Take two prime ministers out in a matter of weeks and the country will be primed for a bigger upheaval.
Which is why the dog-and-pony show is already doing the rounds of Islamabad and Pindi. The ones who yearn to serve — ostensibly the public but in reality just their masters — are straining at the leash again, hoping both to precipitate a new dispensation and be part of it when it is ushered in.
For now, of all the possible alternatives — to the extent that any are likely and will come to fruition — the military-lite option is the favourite: an extended caretaker set-up of technocrats and ‘clean’ politicians with the explicit backing of the court and the silent backing of the military.
The long-rumoured option has stayed ahead of the alternatives — direct military rule and dissolution of parliament followed immediately by elections being the hard and soft options — precisely because it offers a middle course.
Gen K cannot or may not want to take charge of the mess he’s helped create: cannot because his extension, WikiLeaks and the shocks of 2011 have rendered him a lame duck; may not want to because he perhaps understands that his institution
can’t run the domestic show while simultaneously waging a war internally and fending off the Americans in Afghanistan.
Meanwhile, the politicians, Mian Sahib in particular, will not accept being shut out of power for another extended period. An extended caretaker set-up, then, would offer an acceptable compromise to the parties with constituencies to protect.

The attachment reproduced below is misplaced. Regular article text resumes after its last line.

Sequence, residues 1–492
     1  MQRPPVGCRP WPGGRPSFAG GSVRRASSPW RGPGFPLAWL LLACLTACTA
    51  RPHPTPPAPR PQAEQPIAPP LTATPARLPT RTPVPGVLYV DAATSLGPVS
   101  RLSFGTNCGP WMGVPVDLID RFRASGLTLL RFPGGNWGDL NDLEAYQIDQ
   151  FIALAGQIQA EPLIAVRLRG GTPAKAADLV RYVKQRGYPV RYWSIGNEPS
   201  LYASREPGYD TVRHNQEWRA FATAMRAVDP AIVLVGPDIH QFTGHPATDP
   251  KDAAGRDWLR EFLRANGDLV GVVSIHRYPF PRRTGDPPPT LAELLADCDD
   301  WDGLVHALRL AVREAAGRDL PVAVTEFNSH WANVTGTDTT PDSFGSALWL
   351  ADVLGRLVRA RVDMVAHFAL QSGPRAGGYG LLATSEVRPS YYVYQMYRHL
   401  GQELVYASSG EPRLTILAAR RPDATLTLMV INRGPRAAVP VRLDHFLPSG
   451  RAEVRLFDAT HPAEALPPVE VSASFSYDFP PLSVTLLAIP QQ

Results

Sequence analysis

It would knock out the PPP from the race and thus preclude the canny Zardari from winning re-election, while at the same time dangling the prospect of a return to power for the others within a couple of years.
The draw of the middle option — the extended caretaker set-up — is that it would give everyone arrayed against the PPP something, or at least the hope of getting something eventually.
The court would fulfil its desire to give Pakistan a new direction. The army would get a more competent administration fully in line with its national-security paradigm. The politicians would get rid of the PPP and have a shot at contesting power in
the absence of a heavyweight competitor within a couple of years.
At this point, Zardari doesn’t have many options left.
He can either abandon his goal of completing the government’s term or wait and see if his foes eventually get their target.
The real question on which all of this hinges: will CJ Iftikhar sanctify an option that many want but few believe has
constitutional legitimacy? Judicial cover is a necessary condition for an extended caretaker set-up to happen.
Will CJ Iftikhar march to the brink but ultimately blink or will he bring his gavel crashing down with an eye to history and his back to the lessons it has taught others before?
Nobody but CJ Iftikhar knows the answer to that just now.
We — you and me, the public at the mercy of power politics and a squabbling, fractious elite — have less than six months to find out.
The writer is a member of staff.